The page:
Dr Al Swan was a remarkable man with an impressive gift of a near-photographic memory. He was a modest but formidable savant in many areas, and it was a treat to be in his company.
After graduating from Queen’s University in 1953, he married his lifelong soul mate, Rosa Dirom—it was a most successful union.
In 1954 Al set up practice in Pender Harbour at St. Mary’s, a small country hospital built by the Columbia Coast Mission. Here he had to do it all—and he did. His work included house calls by both boat and plane. He truly cared for his patients, frequently taking their problems onto his shoulders.
Al was very competent and never wanted to fall behind. He was instrumental in establishing a sabbatical system for our clinic as we grew in numbers. Every fifth year we would go somewhere for postgraduate training. He was a talented mentor.
Fishing and RVing were his passions. The Swan family, including their three biological children and a foster son, made countless trips on their boat.
A debilitating illness gradually robbed him of his faculties. This he bore with uncomplaining dignity. But from deep down, his remarkable memory would surface on occasion—near the end, surrounded by his devoted family, he muttered “I’m going fishing.” He should have written a book.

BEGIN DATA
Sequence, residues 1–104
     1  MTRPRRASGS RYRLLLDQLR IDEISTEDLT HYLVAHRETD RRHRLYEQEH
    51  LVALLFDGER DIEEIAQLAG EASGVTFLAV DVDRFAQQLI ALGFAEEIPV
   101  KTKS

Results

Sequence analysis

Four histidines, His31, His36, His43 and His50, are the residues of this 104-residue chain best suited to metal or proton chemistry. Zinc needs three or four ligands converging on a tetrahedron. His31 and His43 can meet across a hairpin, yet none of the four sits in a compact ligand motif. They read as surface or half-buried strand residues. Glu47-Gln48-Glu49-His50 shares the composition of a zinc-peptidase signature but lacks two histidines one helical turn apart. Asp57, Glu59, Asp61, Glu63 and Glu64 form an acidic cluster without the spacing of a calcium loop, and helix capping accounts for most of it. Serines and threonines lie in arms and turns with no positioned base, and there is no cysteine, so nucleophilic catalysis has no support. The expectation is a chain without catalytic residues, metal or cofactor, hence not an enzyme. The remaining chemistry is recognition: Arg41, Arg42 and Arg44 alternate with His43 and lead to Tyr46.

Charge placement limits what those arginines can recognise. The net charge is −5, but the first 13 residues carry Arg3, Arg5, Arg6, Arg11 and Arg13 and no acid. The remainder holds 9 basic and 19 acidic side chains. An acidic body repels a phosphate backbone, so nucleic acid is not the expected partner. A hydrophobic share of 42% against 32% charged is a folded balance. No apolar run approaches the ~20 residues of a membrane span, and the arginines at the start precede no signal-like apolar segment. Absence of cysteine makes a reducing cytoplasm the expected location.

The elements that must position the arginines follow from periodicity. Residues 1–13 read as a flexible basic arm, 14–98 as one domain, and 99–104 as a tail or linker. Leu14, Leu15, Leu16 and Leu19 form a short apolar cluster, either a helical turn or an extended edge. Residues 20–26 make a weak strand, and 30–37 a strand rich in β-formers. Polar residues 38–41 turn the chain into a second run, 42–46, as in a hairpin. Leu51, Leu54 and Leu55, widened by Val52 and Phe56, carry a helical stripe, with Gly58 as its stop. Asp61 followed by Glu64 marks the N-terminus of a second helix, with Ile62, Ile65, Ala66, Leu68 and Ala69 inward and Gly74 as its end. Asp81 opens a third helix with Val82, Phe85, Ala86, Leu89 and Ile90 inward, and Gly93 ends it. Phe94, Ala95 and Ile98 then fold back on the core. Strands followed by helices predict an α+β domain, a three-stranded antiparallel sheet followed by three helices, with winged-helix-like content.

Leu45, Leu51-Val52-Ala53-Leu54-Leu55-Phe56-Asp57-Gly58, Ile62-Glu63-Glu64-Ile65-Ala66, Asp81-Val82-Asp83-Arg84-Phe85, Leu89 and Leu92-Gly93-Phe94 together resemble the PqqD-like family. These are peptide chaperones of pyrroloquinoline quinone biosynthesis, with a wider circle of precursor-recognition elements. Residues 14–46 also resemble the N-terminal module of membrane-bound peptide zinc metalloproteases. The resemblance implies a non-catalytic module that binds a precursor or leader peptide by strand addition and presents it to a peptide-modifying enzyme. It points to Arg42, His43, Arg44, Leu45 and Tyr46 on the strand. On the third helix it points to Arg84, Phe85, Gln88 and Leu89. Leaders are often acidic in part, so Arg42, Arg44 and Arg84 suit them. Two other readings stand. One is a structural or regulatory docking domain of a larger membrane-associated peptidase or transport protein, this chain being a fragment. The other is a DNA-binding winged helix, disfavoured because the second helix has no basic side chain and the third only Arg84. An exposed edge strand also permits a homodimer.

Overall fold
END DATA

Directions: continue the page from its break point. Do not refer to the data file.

He was a most honorable man with a great sense of humor. After I had a short locum with him in 1959, he suggested we become partners. I agreed, and asked how we would do that. He replied, “We shake on it.” And that’s all we ever needed. He was the best partner I could have ever had, and I told him that.
The end involved the supernatural. He died at 10 p.m. Pacific Standard Time. At midnight Central Standard Time I was in Manitoba and awoke from a most vivid dream. In it Al was at a party, in his prime. He looked at me, gave a gentle smile, and raised his glass. And I knew he had died.
—Eric Paetkau, MD
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